RENDERED: JULY 22, 2011; 10:00 A.M.
NOT TO BE PUBLISHED
Commonwealth of Kentucky
Court of Appeals
MATT PRICHARD AND
APPEAL FROM CARTER CIRCUIT COURT
HONORABLE LEWIS D. NICHOLLS, JUDGE
ACTION NO. 08-CI-00242
CARTER FISCAL COURT
** ** ** ** **
BEFORE: DIXON, STUMBO AND VANMETER, JUDGES.
DIXON, JUDGE: Luke Prichard and his son, Matt Prichard, appeal from a
judgment of the Carter Circuit Court affirming a decision of the Carter Fiscal
Court. Finding no error, we affirm.
Appellants own land on either side of a county road, Campbell Road,
in Carter County, Kentucky. Appellants petitioned the Carter Fiscal Court to
discontinue 1.3 miles of Campbell Road as a county road. The fiscal court held a
hearing on December 27, 2007, and heard testimony from witnesses opposed to
Appellants’ petition. Appellants testified in favor of their petition and presented
the fiscal court with eight signatures of neighbors who also favored discontinuing
the Campbell Road as a county road. Luke testified the road was infrequently
traveled, people dumped trash along the road, and there were incidents of criminal
activity such as theft and drug transactions. Brian Prichard testified in opposition
to closing the road. He presented the court with a petition signed by 92 citizens in
favor of keeping the road open. Brian testified that Campbell Road was useful as a
short-cut and also as an alternate route when the “main” road was impassable due
to inclement weather. At least four other citizens testified against closing the road.
At the conclusion of the hearing, two magistrates, Millard Cordell and James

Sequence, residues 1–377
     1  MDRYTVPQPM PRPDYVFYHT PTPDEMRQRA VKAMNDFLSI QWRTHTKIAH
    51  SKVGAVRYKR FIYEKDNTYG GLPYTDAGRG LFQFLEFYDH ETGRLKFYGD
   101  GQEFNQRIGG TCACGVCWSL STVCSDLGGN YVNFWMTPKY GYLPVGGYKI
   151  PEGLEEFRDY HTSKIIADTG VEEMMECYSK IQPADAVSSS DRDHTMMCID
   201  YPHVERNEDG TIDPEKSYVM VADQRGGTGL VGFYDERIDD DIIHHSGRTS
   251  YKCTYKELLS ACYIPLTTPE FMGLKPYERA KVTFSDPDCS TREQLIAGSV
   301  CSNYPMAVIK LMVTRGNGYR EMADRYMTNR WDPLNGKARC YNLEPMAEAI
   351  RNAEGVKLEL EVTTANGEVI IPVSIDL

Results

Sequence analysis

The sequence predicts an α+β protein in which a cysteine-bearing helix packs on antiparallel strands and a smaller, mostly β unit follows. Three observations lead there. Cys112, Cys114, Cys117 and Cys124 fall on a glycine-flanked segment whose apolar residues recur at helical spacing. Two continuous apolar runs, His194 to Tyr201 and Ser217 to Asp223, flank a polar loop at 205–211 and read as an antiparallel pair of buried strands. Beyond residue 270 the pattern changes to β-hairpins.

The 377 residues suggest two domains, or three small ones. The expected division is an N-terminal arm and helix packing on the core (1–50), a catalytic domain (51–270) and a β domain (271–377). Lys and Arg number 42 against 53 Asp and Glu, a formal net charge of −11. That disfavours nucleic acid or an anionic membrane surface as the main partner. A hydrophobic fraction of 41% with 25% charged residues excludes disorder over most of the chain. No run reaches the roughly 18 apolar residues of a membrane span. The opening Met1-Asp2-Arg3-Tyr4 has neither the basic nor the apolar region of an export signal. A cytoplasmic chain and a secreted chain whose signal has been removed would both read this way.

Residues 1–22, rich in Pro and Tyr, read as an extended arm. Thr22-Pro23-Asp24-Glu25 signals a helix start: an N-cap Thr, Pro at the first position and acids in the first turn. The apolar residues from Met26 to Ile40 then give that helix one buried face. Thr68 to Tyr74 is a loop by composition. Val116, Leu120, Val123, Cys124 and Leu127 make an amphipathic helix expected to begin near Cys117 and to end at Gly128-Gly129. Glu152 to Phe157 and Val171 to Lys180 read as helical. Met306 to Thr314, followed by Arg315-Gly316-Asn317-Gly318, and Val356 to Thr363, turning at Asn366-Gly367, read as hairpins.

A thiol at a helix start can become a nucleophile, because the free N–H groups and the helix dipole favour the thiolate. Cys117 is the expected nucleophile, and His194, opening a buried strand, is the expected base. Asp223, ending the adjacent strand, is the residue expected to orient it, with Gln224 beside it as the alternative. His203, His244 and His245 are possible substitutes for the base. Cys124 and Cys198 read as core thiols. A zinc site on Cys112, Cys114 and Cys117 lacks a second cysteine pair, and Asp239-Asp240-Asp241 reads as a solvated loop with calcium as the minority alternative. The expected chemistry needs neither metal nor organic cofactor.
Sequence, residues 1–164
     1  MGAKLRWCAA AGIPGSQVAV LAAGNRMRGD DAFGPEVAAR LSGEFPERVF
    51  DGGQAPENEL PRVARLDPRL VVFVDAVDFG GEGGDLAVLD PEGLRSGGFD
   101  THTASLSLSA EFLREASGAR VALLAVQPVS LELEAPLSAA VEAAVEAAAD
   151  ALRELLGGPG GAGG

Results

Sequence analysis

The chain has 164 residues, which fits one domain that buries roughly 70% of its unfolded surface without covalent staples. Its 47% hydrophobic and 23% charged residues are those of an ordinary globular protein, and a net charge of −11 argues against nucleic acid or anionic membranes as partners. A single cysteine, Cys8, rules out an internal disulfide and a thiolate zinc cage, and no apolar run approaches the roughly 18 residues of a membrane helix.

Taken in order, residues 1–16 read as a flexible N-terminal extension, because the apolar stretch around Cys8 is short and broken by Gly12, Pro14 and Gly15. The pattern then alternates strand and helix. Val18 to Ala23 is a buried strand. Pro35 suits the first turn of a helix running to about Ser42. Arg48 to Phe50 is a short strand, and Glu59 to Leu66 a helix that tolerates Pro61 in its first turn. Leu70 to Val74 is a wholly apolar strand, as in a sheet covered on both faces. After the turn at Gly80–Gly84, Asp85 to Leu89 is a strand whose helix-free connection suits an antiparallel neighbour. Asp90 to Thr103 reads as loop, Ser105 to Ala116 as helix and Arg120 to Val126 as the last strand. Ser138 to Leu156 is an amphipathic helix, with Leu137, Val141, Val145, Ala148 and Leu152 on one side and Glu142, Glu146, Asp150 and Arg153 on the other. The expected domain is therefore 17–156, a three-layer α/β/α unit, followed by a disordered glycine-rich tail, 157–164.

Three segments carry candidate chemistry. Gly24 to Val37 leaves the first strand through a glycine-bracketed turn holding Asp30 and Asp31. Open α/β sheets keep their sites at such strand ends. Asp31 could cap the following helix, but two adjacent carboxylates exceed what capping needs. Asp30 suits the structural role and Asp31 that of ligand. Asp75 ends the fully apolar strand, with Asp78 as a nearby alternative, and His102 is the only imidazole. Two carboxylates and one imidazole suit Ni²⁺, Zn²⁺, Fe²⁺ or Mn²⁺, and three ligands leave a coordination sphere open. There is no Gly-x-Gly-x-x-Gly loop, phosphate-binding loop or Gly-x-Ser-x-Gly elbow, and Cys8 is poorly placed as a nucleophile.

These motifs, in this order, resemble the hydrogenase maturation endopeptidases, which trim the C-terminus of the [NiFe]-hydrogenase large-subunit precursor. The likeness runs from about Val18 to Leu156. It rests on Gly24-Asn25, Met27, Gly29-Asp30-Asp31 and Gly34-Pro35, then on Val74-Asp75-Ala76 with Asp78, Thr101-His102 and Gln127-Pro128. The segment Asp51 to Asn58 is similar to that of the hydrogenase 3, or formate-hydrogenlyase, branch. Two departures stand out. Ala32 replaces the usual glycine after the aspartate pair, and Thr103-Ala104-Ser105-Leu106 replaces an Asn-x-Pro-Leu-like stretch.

Wilburn, volunteered to view the road with the county road engineer pursuant to
KRS 178.070. Thereafter, at a fiscal court meeting on April 8, 2008, the court
voted to keep Campbell Road open and part of the county road system. Appellants
filed a petition in Carter Circuit Court to set aside the decision of the fiscal court as
arbitrary and contrary to law. In April 2010, the circuit court rendered an opinion
upholding the fiscal court’s decision. This appeal followed.
Pursuant to KRS 178.100, a party aggrieved by a fiscal court’s
decision not to discontinue a road may contest that decision by seeking judicial
review in circuit court. See also Trimble Fiscal Court v. Snyder, 866 S.W.2d 124,
126 (Ky. App. 1993). Judicial review is concerned with determining whether basic
due process was afforded and ensuring the fiscal court did not act arbitrarily. Id.
Here, Appellants failed to satisfy the burden of persuasion before the fiscal court;
accordingly, the court’s decision to keep the road open should be upheld unless the
evidence compelled a finding in favor of closing the road. Id.
Appellants first argue the fiscal court acted arbitrarily because the
evidence compelled closing the road. The relevant inquiry for a fiscal court in
determining whether to discontinue a county road is public convenience and need.
Id. at 127. A review of the fiscal court hearing indicates that citizens opposed
closing the road, opining that it was a beneficial short cut and also provided a
secondary route for nearby residents if the primary road became impassible. In
contrast, Luke and Matt testified regarding their own personal inconvenience as to
litter and theft of personal property.